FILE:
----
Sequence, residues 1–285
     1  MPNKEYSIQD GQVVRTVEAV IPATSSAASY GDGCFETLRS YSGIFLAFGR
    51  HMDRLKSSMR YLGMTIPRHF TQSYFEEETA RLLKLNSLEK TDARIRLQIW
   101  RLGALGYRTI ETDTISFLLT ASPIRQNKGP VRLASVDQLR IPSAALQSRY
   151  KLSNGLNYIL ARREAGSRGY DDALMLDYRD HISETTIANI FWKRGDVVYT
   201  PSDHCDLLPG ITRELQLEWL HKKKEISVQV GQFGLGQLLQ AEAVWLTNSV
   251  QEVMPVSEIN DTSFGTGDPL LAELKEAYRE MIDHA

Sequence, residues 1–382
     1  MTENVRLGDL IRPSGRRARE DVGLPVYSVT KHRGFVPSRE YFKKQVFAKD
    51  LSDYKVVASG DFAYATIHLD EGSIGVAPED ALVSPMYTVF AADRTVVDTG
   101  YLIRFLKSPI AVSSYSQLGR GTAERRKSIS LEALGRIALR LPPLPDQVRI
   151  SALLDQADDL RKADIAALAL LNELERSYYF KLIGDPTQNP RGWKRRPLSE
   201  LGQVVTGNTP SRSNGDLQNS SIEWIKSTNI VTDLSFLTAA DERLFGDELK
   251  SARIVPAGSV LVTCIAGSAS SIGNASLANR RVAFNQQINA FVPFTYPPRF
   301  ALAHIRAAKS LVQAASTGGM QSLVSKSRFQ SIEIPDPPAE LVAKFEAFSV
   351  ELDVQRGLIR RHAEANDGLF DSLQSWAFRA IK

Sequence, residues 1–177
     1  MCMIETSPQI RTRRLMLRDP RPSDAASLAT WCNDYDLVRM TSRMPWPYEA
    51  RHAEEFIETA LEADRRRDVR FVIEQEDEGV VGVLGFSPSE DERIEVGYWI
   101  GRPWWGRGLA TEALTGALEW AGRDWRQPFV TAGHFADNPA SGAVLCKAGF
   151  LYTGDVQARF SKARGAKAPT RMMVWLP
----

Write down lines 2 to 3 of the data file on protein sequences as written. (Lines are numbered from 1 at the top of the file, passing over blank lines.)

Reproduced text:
     1  MPNKEYSIQD GQVVRTVEAV IPATSSAASY GDGCFETLRS YSGIFLAFGR
    51  HMDRLKSSMR YLGMTIPRHF TQSYFEEETA RLLKLNSLEK TDARIRLQIW